2007-06-02 05:06:12.000 – Kyle Paddleford,  Meteorologist

My new friend

The summit is known for having to use robust equipment to measure and record all different types of weather that occurs up here. More often than not, the latest and greatest technology simply cannot sustain a severe beating from the worst weather in the world. Sometimes the phrase, “they just don’t make them like they used to” comes to mind. I was thinking about this phrase overnight as I stumbled upon a relic in the kitchen. It was a hand cranking coffee bean grinder. Ok, so this may not have anything to do with the extreme weather that Mount Washington experiences, but it has been built strong and stood the test of time much like everything else here on the summit. I bet it will continue to outlast the fancy battery powered ones of today. Not to mention that you never need batteries to use it, just an arm or two.

This contraption and I have become close over the past few nights as I have been working the night shift while Jon Cotton is enjoying a well deserved vacation. Since shift change on Wednesday the summit has been in a heavy thick fog with occasional wind driven rain. The weather observations take longer because your eyes need time to adjust to the darkness. Stepping out onto the observation deck into the darkness every hour with low visibility and only the sound of the wind is a little spooky at times. It is even worse venturing out to the precipitation can in the middle of the summit. It could just be my brain playing tricks on me, but I always get the feeling that someone or something is watching. I’ve heard all the ghost stories and will admit that I am a skeptic, but it is a whole lot nicer taking observations during the daytime hours. It is nice to work at night and to get a feel for the differences between the two shifts, but I think that I will stick to days when I can.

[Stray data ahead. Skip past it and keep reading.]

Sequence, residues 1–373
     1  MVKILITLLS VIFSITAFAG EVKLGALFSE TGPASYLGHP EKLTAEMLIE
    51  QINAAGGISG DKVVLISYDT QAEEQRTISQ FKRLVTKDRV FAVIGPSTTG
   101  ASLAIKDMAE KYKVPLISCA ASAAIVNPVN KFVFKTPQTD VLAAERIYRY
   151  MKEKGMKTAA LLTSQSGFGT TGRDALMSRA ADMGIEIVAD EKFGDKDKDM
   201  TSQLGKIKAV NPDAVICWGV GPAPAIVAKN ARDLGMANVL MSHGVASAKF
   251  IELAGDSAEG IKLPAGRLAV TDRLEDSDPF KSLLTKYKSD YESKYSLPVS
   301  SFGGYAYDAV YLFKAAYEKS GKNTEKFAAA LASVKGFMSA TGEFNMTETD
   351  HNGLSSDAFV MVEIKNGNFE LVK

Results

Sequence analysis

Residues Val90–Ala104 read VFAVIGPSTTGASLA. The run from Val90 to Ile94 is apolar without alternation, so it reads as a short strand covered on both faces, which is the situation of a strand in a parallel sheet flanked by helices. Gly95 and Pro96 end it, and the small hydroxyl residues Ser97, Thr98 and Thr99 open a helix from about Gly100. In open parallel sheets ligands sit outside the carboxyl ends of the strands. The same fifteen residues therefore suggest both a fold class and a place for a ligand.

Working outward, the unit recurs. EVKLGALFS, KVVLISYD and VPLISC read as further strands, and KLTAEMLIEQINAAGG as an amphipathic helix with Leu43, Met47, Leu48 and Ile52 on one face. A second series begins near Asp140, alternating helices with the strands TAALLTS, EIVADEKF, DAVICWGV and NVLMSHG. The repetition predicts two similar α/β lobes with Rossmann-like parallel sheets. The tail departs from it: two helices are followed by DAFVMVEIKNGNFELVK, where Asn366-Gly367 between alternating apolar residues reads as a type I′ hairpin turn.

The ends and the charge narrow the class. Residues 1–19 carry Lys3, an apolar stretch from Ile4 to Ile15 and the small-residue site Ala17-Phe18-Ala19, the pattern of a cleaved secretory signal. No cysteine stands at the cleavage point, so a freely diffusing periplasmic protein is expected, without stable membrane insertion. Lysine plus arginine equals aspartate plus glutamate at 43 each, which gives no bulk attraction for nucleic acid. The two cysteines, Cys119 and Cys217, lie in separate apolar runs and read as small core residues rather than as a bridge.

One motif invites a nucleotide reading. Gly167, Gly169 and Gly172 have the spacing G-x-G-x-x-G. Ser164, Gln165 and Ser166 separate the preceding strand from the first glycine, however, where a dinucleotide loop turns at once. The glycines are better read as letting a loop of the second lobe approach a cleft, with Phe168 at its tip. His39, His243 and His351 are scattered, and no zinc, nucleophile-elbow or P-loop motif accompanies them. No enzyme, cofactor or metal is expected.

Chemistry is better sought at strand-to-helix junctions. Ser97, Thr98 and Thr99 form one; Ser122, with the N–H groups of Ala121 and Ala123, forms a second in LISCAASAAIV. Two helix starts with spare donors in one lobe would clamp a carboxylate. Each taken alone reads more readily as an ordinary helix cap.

Kyle Paddleford,  Meteorologist

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